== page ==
“This milk punch as a whole is clarified, which makes it shelf stable for at least a few weeks so that we are minimizing the possibility of it spoiling. In this case, the cream and curds were traded back to the kitchen where they whip them into ice cream that has a slight corn and citrus flavor from the punch,” said Sprouse.
Next: Leftover orange scraps
7. Crossing Seas
Kelsey Lappa came up with this sustainable cocktail that contains reused and recycled ingredients. For each drink that she sells, a portion of the profit goes to the environmental organization Zero Waste Chicago, according to BizBash.
Lappa’s creation, the Crossing Seas, is made from Cana Brava seven-year rum, Fernet Jellinek, Licor 43, and Appleton Jamaican rum. The sustainable part come in the form of a concentrate she makes from orange scraps.
Next: Day-old bread
8. One More Chance
According to BizBash, the cocktail called One More Chance is made from day-old bread. The bread is toasted, then infused with a house-made almond orgeat to create a syrup that tastes like it belongs on French toast. Next, it’s mixed with a base of Suntory Toki Japanese whiskey and Rhine Hall La Normande brandy. Other ingredients in this complicated drink include lemon, egg white, Angostura bitters, and club soda.
Next: Overripe melon
9. Melon Collins
You can also use overripe melons for drinks. Why throw them away when they can be reused? This cantaloupe melon shrub for the Melon Collins is made from overripe melons preserved with vinegar and sugar. The shrubis the star of the drink, which also includes Patron Silver tequila, lime stock, and soda water.
Next: Leftover citrus
10. Jardinero Gimlet
You might have had a gimlet before, but probably not one like this. The Jardinero Gimlet contains a rosemary-lime cordial made from leftover excess citrus or citrus juice and sugar. Roca Patron Silver tequila and mescal finish off this tasty cocktail.
Next: Herbs headed for the garbage
11. Mother Earth Pepino
What hotel kitchen doesn’t have leftover herbs? Likely, none. Use scraps of herbs that would otherwise end up in the garbage to make the Mother Earth Pepino. Just infuse Patron Silver tequila with the herbs, then add pressed cucumber juice, simple syrup, lime juice, and soda water to make this refreshing drink.
Next: Coffee grounds?
12. Old Brew, New Tricks
Coffee grounds in a cocktail? Yes, you read that correctly. The Old Brew, New Tricks cocktail is infused with coffee ground. The drink also contains Patron Reposado tequila, cynar, Ancho Reyes liqueur, and a couple dashes of mole bitters. Something about this cocktail says you either love it or hate it.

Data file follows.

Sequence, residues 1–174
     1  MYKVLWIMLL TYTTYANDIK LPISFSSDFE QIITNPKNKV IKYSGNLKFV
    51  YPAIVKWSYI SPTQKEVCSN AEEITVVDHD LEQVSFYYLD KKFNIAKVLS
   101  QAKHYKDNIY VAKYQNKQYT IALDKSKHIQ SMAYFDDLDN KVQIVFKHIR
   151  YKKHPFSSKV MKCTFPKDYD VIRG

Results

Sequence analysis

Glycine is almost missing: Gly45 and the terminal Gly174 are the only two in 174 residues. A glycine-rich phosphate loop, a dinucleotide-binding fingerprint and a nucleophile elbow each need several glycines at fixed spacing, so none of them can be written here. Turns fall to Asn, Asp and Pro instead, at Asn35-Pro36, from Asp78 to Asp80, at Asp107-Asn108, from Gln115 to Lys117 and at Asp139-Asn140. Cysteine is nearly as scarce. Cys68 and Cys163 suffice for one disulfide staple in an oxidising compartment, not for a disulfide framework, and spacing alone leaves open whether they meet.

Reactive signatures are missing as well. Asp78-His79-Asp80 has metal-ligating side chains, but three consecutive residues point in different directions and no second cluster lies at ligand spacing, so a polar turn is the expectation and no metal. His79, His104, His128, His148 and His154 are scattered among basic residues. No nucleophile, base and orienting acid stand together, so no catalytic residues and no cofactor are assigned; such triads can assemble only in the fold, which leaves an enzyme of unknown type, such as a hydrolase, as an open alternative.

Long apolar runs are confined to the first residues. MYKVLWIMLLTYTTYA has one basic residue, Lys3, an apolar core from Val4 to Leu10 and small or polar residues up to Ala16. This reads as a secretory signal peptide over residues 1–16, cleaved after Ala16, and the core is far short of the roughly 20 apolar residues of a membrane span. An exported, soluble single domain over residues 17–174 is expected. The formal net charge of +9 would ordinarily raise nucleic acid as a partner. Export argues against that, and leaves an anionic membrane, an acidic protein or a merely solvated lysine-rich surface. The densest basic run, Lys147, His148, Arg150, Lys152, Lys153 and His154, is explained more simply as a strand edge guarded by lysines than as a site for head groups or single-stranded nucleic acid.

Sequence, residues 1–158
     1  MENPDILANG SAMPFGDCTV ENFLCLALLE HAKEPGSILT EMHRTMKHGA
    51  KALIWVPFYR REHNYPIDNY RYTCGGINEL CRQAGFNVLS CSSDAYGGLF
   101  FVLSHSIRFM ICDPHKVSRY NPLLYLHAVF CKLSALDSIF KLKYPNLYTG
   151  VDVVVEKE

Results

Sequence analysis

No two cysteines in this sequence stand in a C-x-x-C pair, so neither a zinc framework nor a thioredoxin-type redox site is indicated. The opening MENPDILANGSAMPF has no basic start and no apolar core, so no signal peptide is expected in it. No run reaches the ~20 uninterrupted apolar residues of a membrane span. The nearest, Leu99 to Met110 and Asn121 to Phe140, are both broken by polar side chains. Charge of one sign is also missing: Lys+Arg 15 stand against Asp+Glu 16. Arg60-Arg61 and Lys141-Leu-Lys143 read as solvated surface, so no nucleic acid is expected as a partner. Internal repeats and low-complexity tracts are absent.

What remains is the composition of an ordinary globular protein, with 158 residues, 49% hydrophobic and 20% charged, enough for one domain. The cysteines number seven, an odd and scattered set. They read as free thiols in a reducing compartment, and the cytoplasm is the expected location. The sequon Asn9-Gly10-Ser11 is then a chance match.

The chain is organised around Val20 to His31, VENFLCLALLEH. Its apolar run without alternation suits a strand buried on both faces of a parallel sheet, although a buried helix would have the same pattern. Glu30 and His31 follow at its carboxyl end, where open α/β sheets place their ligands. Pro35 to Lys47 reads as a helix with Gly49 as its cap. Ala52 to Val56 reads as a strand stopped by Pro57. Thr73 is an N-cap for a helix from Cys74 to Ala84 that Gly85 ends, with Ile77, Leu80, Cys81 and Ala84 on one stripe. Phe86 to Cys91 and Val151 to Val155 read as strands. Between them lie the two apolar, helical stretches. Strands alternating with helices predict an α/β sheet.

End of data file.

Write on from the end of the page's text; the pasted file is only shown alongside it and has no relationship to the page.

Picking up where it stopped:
Next: Grapefruit husks
13. Blood of Kapu Caps
NOLA’s Ace Hotel in NOLA offers a drink called Blood of Kapu Caps, according to the website supercall. The drink contains Caña Brava Rum and a grapefruit stock made from boiled grapefruit husks that were surely headed for the trash. Melon pulp grenadine, Pernod, absinthe and a lime oleo-saccharum — made from the discarded ends of limes — round out this drink.
Next: Beer overflow
14. Penthouse Smash
When NOLA’s Ace Hotel has beer tap overflow, it uses it for cocktails — along with bruised peaches from a neighboring restaurant. The Penthouse Smash is made from Ford’s gin and “peach pulp beer sizz,”the product of that beer overflow and bruised peaches.
Next: This couple is taking sustainable cocktails to a new level.
15. Trash Tiki
Iain Griffiths and Kelsey Ramage founded Trash Tiki, a project that will take them into bars around the world to host pop-up educational events. According to the website tales of the cocktail, the duo shows bartenders how they can repurpose ingredients that would be thrown out to make great cocktails. Some of their recipes include orgeat made from stale almond croissants, rum infused with avocado pits, and lime husks made into a citrus agent.
“This is not zero waste — what this is, is shining an extra large spotlight on that dark little corner of the bar where we hide the bin. Because in bars right now we’re throwing out more flavor than we’re ever possibly using in one night,” said Ramage. “And even if you are being as waste efficient as possible, guess what? The restaurant next door, almost certainly isn’t, so go use their trash and make your program even more impactful!”